The Unfinished and the Cornered
Recently I started reading Ghost of a Chance by Simon R Green. It was the first book in the Ghost Finders series by the author. I made it to page 77 before I came to the conclusion that I will never finish this book.
Don’t get me wrong. I usually finish most of the books that I decide to read. Well, eventually. There have been a number of books in the past that I have not finished.
I have started to read Fellowship of the Ring after watching the Peter Jackson movies. I got maybe a third of the way into the book before I got sidetracked with other books.
I had started reading Dark Mission by Richard C. Hoagland and Mike Bara. The heady material involved made it tough going. The book itself covers a lot of the history of NASA, with a lot of astrophysics involved. I also had an issue with the fact that the book was “written” by Hoagland, but he often refers to himself in the third person. It left me with two possibilities: either the book was more written by Bara than Hoagland, or that Hoagland was pulling a Julius Caesar and chose to write his own book in the third person.
I have started a number of computer and writing books. Most of those I never finished because I got what I needed out of them and set them aside… just in case.
Then there was The Count of Monte Cristo, which I started one Labor Day weekend while trying to get to sleep after the first night of the MDA telethon. That book I lost before I could finish it. You would be surprised how often that happens. I misplace the book, or I loan them to someone, there are a lot of reasons why I don’t finish these books.
In most of these cases, I would have tried to finish the books at some point. The computer books I would have fallen back on with questions. The writing books I would have used for reference again and again. Besides, I don’t think anyone actually expects to read The Writer’s Digest Character Naming Sourcebook (second edition) cover to cover. The books I lost I would have eventually replaced and restarted. And I eventually would have tried to wrap my head around the physics of Dark Mission again.
Still, there are some books that I just can’t finish because they are that bad. These books never get finished because they are so painful to read that all I want to do is throw them into a corner and forget about them. These books are known as corner books.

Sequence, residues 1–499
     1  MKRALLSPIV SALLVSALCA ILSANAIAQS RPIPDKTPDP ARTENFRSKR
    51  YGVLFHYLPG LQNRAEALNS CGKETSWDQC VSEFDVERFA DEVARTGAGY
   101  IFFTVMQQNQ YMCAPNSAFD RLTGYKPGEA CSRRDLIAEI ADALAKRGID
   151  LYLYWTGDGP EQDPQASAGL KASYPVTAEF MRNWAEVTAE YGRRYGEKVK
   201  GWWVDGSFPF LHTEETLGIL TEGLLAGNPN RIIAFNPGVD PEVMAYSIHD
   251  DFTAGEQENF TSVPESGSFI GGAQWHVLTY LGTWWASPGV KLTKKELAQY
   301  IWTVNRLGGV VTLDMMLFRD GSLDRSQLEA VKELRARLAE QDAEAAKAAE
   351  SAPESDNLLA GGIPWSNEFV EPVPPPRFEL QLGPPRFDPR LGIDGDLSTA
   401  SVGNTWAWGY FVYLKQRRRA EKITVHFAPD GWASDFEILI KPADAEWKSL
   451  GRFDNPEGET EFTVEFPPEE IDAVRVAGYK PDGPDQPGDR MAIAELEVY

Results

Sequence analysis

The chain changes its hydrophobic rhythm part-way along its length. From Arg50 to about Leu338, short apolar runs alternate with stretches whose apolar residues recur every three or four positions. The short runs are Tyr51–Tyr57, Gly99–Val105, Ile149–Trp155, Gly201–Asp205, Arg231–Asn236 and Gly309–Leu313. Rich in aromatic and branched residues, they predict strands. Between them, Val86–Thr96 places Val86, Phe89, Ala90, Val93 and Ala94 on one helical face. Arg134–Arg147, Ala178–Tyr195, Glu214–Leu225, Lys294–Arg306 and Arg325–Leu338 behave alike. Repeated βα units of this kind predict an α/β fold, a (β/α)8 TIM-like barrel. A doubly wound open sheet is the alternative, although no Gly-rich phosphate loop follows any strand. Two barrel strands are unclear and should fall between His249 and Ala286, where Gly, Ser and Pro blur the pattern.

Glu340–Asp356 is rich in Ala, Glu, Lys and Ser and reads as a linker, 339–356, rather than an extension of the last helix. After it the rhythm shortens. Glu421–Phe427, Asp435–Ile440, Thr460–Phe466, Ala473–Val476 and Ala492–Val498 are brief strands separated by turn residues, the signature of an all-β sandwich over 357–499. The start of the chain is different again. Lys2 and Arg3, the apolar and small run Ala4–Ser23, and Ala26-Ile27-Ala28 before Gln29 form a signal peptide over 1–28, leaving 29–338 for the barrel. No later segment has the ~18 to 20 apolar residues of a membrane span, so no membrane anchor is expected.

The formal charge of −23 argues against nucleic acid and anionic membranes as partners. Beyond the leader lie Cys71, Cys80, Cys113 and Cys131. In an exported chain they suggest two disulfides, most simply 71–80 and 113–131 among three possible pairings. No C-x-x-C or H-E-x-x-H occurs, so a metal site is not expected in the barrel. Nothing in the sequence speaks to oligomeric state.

Ghost of a Chance has now become one of these books. Granted, I have read other books by Green, well, one book. Something From The Nightside was an okay book, even if it was about as subtle as a chainsaw. I thought that maybe Ghost of a Chance would have been better. The book dealt with ghosts and not an alternate reality like Nightside. I made it through 77 painful pages of Ghost of a Chance before I said I could not take any more. I decided that I could not stand to read anymore. And once I got home, I literally tossed it into a corner of the room.
I have to admit that books are not the only thing that get banished to the corner. Movies, video games, tv shows and even comics can end up there. The original version of Last House on the Left ended up in the corner after I stopped it half way through.
As for video games, they most often end up in the corner because I get frustrated with them. Ultimate Spider-Man ended up there after the game glitched right as I was about to beat the Rhino (which took my 12 tries). The same frustration came from Star Trek Encounters where I found that the Voyager level that required me to fly an extremely precise path to outrun an alien ship took 20 tries, only to find out there was another level of this space race… and no save point.
The corner is a way of dealing with frustration. That frustration may be from buying a book that sounded good, but ended up horribly unreadable. Or it can be from having such a tough time with a game that you just say, “To Hell with it” and toss it aside. Throwing things into a corner does not really solve anything.
But it does feel good to banish them to the corner.